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JAZZ THEORY (BeBop Drills)

The Use of Tensions 1

Before BeBop most jazz musicians built their solos around the basic chord tones of the underlying progression. One musician who changed that was Charlie Parker. In Ross Russell's Bird Lives [p. 105], the story of a jam on Ray Noble's Cherokee points out his personal discovery of the addition to jazz harmonic / melodic material called tensions. "Charlie had been over the changes countless times, and the tune was beginning to sound stale. ... Then an idea struck him: if he played the top notes of the chords instead of the middle or lower notes, he would have a new line. ... The notes sounded strange, but it worked. He was using the upper intervals, ninths, elevenths, thirteenths, skimming along the very tops of the chords."

Our job in BeBop is to understand and use these upper intervals or tensions as part of our basic tool kit. To do this we first must understand the concept of extensions, and what makes an extension into a tension. Seventh chords are built in scale thirds or 'skips', and use the odd numbered degrees of the scale 1 - 3 - 5 - 7. If we continue to move up the scale in thirds and cross the octave, we find ourselves at degrees 9 - 11 - 13, and finally 15, which sounds two octaves higher that our original 1, the root of the chord. These three tones [9,11,13] are the three scale extensions most likely to be used as tensions.

A tension is defined in one of two ways: natural tensions 9 - 11 - 13, and altered tensions b9 - #9 - #11 - b13. When an extension of the major scale 'fits' the function of the chord within the progression, it is considered a natural tension. If the extension does not fit in its' natural state, it may be omitted, or altered to fit the particular situation. Since we must know the concept of natural tensions and extensions before we can alter them, the drill is to play all major scales in thirds.

To accomplish this, begin at the lowest possible point of the scale on your instrument, and ascend by thirds, as in C, E, G, B, D, F, A, C etc., until reaching the highest point possible, then descend the same way, as in C, A, F, D, B, G, E, C. Since we skip every other note by doing this, we also begin at the second lowest possible scale tone, the one in between the first two tones you played the first time. Play each major scale this way, approaching the scales in the order of the cycle of fifths [C, F, Bb, Eb, Ab, Db, F#, B, E, A, D, G]. String players should do this exercise one string at a time, piano players use two hands in octaves.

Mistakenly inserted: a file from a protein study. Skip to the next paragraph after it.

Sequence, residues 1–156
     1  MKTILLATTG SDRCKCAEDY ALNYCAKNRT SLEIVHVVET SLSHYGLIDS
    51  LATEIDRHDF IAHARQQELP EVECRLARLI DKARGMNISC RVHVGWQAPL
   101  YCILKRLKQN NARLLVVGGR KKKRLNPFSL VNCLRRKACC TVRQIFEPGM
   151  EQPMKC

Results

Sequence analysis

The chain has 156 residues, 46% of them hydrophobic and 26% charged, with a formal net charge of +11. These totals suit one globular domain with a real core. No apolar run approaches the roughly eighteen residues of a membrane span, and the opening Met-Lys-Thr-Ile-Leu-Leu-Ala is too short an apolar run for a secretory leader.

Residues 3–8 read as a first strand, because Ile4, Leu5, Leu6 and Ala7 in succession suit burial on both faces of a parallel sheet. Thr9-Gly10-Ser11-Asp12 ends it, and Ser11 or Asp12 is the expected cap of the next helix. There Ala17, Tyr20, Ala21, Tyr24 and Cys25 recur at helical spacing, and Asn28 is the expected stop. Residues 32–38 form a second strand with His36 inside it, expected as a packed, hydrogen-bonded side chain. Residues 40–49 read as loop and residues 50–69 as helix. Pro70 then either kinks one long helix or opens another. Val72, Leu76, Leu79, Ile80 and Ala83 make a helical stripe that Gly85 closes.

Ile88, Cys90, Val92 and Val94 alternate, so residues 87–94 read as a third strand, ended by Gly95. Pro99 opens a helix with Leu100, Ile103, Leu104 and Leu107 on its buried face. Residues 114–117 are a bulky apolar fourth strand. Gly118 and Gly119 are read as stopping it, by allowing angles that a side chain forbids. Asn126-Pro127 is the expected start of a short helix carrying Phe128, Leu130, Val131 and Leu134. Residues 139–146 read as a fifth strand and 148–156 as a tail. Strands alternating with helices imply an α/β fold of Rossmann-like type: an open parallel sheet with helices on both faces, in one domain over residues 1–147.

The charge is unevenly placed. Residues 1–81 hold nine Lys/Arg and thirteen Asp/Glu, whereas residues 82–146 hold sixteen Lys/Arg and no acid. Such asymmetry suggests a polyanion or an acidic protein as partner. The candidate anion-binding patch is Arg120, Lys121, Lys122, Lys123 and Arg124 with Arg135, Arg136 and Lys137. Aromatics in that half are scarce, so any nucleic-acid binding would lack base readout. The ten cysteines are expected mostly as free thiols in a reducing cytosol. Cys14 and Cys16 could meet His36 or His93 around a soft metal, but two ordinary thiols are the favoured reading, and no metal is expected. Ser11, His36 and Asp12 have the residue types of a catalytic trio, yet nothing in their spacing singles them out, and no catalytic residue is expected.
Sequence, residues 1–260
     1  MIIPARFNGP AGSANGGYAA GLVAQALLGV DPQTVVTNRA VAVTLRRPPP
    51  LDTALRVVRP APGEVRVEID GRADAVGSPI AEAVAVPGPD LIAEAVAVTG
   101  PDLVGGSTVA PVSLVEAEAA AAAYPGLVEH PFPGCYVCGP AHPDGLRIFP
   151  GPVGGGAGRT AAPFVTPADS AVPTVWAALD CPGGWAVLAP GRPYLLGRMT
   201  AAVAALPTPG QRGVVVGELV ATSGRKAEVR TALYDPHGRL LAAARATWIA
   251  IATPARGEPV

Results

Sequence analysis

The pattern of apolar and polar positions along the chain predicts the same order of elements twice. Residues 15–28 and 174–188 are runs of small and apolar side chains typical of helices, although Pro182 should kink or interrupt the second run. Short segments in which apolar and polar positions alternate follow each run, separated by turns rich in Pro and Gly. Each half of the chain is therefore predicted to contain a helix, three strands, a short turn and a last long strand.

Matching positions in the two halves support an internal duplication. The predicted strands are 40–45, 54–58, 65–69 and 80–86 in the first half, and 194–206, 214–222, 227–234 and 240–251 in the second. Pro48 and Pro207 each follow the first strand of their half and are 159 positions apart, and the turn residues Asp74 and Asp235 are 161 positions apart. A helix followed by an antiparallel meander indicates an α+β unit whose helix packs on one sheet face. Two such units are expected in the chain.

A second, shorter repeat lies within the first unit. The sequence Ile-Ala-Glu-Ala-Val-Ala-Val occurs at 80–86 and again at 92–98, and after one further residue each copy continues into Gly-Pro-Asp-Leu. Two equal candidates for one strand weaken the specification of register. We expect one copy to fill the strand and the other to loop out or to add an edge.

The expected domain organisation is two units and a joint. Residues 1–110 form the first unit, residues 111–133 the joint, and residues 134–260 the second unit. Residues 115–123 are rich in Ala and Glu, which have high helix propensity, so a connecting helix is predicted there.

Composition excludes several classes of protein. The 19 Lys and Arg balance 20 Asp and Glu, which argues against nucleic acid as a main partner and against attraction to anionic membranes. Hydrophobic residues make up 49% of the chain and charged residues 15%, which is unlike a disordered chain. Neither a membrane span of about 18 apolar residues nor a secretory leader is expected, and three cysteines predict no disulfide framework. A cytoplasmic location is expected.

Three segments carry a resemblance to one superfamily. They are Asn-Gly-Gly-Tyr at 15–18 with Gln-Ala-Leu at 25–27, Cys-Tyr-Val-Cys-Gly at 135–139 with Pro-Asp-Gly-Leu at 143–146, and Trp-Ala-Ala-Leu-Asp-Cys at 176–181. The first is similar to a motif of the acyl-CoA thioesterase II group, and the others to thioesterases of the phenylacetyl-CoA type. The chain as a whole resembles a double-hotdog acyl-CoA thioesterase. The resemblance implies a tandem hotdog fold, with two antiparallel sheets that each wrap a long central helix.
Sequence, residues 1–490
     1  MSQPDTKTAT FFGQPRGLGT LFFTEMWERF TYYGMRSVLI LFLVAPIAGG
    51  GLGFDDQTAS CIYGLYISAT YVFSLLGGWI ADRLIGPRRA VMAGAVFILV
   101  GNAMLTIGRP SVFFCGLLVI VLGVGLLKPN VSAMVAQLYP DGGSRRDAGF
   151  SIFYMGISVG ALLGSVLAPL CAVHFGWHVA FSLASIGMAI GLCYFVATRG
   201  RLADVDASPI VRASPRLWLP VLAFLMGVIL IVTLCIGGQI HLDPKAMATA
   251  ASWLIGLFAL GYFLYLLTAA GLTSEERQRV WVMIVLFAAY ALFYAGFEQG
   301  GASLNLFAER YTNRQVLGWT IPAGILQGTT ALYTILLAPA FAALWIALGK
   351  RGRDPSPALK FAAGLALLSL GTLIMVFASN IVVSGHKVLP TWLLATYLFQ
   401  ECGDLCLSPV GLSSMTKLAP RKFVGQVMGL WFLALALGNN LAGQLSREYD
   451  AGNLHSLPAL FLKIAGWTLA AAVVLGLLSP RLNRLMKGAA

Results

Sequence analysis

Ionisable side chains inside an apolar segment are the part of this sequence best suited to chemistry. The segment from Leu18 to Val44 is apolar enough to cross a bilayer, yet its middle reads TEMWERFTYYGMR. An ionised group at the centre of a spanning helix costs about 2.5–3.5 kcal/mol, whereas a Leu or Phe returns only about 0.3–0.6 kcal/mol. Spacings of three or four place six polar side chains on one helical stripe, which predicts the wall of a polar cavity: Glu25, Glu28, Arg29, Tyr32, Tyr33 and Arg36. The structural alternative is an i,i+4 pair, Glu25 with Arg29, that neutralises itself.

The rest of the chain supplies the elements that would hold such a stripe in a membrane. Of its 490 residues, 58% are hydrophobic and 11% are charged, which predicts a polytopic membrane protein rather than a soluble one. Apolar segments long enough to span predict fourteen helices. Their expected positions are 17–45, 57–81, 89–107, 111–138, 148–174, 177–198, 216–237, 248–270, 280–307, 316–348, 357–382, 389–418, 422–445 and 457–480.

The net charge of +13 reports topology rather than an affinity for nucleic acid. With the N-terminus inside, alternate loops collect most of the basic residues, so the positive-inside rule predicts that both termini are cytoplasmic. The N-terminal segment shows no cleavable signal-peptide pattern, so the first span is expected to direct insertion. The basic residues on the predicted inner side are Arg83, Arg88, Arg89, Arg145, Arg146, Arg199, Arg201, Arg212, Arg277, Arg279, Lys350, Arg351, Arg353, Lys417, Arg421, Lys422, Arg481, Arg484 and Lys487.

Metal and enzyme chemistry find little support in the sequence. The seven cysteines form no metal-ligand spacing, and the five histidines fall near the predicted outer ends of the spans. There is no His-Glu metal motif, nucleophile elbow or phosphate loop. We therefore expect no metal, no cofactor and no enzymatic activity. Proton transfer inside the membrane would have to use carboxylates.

If you have solo transcriptions or BeBop melodies notated, look for ascending or descending lines in thirds. Play them and listen to the effect. As your ears adjust to the sound, listen for it on your jazz albums. Next, we will begin to apply tensions to the major seventh chord. [top]
- Frank Singer 2002

I originally learned these concepts from Charlie Banacos, private instructor.

 

BACK TO THEORY DEN

CONTENTS
The Language of BeBop
The Use of Tensions 1
The Use of Tensions 2 
The Use of Tensions 3 
The Jazz Sub-Dominant Chord - II-7 
The Jazz Dominant Chord - V7  
The II-7 V7 Progression - II V series  
The Key of the Moment  
"Watch out for those chromatics!"    
Ear Training  

 


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